NKRC Director: ‘Worst We’ve Ever Seen’

YOUNGSTOWN, Ohio — It might have been a patient who became addicted to a prescription painkiller used to treat a sports injury or an injury sustained in a traffic accident. Once the prescription expired, the dependence on the drug did not, leaving the person to seek alternatives – a stronger narcotic such as heroin, for example – to satisfy this addiction.

Or, there might be underlying causes such as depression, bipolar disorder, a genetic predisposition, or another factor that helps trigger a person’s dependence on drugs or alcohol after the first uses.

Whatever the reason for substance abuse, the problem is not going away anytime soon. But there is hope for those who choose to receive treatment and help through recovery programs, says the new director of the Neil Kennedy Recovery Clinic, Youngstown.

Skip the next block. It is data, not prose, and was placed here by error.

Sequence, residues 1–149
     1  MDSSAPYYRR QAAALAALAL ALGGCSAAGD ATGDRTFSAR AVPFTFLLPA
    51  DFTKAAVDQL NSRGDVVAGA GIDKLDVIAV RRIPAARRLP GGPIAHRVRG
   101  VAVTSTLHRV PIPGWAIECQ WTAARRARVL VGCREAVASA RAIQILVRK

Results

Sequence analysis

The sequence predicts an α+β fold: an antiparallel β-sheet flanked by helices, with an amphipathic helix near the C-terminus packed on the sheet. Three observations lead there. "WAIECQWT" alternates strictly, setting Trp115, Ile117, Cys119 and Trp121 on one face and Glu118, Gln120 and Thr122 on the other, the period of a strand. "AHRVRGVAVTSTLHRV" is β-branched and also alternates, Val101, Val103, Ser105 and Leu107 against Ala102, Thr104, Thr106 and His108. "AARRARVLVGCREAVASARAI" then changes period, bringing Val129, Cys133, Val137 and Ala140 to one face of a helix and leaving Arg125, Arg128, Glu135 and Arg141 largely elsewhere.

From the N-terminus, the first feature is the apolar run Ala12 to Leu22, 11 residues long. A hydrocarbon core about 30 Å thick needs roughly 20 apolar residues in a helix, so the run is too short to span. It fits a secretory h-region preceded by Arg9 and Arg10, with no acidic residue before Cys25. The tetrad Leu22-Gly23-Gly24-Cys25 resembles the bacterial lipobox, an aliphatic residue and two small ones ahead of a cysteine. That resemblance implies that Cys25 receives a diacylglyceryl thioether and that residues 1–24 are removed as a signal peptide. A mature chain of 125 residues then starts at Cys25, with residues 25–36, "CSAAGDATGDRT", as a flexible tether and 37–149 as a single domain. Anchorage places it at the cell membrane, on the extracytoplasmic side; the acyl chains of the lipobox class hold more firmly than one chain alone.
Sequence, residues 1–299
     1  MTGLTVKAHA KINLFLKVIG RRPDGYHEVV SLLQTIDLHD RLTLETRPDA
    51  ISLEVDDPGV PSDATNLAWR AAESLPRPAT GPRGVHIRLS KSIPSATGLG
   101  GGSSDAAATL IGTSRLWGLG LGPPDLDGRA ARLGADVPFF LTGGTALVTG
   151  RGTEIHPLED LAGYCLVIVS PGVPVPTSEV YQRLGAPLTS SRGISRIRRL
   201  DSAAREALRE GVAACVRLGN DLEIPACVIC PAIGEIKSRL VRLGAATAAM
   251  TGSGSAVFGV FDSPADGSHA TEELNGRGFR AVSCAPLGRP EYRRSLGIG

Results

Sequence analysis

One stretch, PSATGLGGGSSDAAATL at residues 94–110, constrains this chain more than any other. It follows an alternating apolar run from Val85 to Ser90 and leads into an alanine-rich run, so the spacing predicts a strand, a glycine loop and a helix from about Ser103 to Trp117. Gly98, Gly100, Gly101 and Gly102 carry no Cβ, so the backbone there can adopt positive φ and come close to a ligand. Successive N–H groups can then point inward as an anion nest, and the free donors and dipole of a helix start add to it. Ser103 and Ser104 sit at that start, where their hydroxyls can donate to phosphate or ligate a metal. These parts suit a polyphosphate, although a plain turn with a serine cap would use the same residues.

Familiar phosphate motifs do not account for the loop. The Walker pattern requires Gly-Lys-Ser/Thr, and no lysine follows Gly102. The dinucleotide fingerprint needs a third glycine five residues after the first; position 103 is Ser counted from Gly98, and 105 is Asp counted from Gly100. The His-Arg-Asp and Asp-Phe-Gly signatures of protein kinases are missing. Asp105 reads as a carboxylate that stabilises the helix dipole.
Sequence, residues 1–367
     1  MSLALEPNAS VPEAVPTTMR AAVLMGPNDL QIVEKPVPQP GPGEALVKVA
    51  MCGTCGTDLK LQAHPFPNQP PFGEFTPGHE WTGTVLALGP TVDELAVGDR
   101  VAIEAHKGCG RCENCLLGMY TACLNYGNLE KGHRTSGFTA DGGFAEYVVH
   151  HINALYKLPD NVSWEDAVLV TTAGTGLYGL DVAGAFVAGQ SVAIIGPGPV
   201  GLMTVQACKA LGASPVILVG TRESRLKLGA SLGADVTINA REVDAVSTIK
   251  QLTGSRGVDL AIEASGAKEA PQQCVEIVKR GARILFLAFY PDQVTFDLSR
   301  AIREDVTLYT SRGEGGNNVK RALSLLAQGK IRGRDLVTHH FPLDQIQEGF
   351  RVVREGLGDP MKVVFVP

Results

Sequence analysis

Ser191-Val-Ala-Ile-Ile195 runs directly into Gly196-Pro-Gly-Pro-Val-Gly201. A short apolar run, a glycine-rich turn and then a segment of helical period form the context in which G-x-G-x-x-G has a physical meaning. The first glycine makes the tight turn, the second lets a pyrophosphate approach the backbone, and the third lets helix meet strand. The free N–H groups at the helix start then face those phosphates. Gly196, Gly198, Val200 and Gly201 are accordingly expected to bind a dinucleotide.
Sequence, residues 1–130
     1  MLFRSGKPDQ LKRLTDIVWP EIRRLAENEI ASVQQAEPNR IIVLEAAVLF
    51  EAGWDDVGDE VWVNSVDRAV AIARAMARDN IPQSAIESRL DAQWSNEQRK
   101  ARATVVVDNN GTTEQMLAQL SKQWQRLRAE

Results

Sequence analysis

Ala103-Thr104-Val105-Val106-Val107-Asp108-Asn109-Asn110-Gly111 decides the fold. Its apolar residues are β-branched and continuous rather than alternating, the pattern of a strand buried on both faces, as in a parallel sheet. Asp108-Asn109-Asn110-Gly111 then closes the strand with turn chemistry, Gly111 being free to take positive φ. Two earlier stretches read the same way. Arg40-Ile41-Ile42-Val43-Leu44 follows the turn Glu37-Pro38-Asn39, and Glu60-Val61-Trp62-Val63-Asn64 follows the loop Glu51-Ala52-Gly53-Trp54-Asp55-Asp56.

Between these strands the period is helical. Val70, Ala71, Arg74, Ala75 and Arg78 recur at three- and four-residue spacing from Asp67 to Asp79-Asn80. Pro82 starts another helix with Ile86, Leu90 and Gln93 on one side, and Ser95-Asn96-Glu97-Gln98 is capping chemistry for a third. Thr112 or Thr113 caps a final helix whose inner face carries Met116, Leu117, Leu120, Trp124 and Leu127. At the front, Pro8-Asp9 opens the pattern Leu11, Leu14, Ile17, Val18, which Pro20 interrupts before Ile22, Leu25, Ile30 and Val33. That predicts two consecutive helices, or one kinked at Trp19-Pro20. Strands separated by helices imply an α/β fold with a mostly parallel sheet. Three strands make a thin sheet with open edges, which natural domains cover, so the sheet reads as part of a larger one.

“This is the worst we’ve ever seen when it comes to opiates or heroin,” says Carolyn Givens, who became the executive director of the Neil Kennedy Recovery Clinic in January. Givens succeeds Jerry Carter, who retired after 37 years in the position.

The availability of low-cost opiates on the streets has led to an acceleration of drug use among younger people. “The grade of heroin is much more intense and it’s much cheaper,” Givens says. “That is a lethal recipe.”

The good news is that the recovery rate is high for those willing to undergo the necessary treatment.

“Addiction is a chronic and progressive illness,” Givens says. “Of the population that is in treatment, getting the care they need, and the counseling they need, they have an 80% recovery rate,” a ratio akin to patients treated successfully for diabetes.